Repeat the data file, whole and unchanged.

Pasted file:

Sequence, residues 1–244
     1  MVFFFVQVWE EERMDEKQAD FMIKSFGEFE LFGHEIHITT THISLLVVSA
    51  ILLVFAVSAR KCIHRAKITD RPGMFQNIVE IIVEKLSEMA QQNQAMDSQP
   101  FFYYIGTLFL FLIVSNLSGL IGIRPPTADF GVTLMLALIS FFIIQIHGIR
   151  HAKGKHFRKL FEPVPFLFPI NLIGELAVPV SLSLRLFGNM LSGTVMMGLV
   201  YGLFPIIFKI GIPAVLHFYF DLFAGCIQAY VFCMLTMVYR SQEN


Sequence, residues 1–244
     1  MVFFFVQVWE EERMDEKQAD FMIKSFGEFE LFGHEIHITT THISLLVVSA
    51  ILLVFAVSAR KCIHRAKITD RPGMFQNIVE IIVEKLSEMA QQNQAMDSQP
   101  FFYYIGTLFL FLIVSNLSGL IGIRPPTADF GVTLMLALIS FFIIQIHGIR
   151  HAKGKHFRKL FEPVPFLFPI NLIGELAVPV SLSLRLFGNM LSGTVMMGLV
   201  YGLFPIIFKI GIPAVLHFYF DLFAGCIQAY VFCMLTMVYR SQEN